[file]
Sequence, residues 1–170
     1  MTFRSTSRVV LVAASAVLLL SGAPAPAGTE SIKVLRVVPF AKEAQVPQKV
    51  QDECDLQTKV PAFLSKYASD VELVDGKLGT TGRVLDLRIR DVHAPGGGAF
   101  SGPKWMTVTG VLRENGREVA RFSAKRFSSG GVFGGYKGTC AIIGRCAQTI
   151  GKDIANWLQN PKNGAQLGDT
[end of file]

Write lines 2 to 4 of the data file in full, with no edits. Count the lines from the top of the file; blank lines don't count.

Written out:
     1  MTFRSTSRVV LVAASAVLLL SGAPAPAGTE SIKVLRVVPF AKEAQVPQKV
    51  QDECDLQTKV PAFLSKYASD VELVDGKLGT TGRVLDLRIR DVHAPGGGAF
   101  SGPKWMTVTG VLRENGREVA RFSAKRFSSG GVFGGYKGTC AIIGRCAQTI